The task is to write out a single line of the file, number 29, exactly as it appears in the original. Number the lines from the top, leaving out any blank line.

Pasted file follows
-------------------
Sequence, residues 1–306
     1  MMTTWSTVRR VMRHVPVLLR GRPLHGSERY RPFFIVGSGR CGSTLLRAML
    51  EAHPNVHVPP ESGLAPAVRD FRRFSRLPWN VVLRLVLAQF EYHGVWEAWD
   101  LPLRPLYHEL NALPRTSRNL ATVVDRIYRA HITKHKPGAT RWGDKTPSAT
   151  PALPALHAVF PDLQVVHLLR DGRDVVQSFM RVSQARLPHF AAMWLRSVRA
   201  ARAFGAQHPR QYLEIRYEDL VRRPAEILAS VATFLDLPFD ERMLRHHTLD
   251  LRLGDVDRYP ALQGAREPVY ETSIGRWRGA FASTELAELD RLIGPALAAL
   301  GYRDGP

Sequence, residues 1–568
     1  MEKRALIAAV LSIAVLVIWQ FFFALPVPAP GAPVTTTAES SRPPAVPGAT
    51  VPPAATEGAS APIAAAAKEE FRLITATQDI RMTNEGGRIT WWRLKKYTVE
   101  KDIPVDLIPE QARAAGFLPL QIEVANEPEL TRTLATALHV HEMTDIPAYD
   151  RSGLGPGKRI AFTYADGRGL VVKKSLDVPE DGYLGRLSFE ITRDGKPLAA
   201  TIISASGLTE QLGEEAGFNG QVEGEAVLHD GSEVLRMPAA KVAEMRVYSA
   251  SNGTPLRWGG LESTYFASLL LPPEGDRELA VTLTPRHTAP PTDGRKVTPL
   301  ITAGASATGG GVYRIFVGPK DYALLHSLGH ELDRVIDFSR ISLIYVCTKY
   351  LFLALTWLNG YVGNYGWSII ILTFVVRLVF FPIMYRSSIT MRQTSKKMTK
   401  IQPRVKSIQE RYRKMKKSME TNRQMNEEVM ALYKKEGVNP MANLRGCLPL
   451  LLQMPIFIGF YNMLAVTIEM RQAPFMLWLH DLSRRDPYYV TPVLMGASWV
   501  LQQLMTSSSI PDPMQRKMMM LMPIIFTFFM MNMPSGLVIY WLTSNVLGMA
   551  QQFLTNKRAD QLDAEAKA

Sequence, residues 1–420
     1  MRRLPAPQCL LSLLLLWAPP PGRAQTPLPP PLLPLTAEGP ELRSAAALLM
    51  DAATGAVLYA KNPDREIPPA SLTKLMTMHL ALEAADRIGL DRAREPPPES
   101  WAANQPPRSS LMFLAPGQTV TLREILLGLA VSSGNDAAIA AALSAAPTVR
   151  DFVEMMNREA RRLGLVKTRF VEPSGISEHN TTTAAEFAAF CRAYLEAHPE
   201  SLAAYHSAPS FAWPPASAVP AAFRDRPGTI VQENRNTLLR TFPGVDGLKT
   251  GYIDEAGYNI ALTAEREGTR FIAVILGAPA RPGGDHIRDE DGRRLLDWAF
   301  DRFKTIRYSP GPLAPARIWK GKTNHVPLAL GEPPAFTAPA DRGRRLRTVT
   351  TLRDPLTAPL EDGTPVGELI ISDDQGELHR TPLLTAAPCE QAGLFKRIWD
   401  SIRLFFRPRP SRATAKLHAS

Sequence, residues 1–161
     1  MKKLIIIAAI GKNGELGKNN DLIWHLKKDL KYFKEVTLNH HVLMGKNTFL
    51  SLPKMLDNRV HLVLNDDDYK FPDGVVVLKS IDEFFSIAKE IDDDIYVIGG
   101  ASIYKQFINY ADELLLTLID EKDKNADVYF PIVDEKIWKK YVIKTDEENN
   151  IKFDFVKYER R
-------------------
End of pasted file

   301  DRFKTIRYSP GPLAPARIWK GKTNHVPLAL GEPPAFTAPA DRGRRLRTVT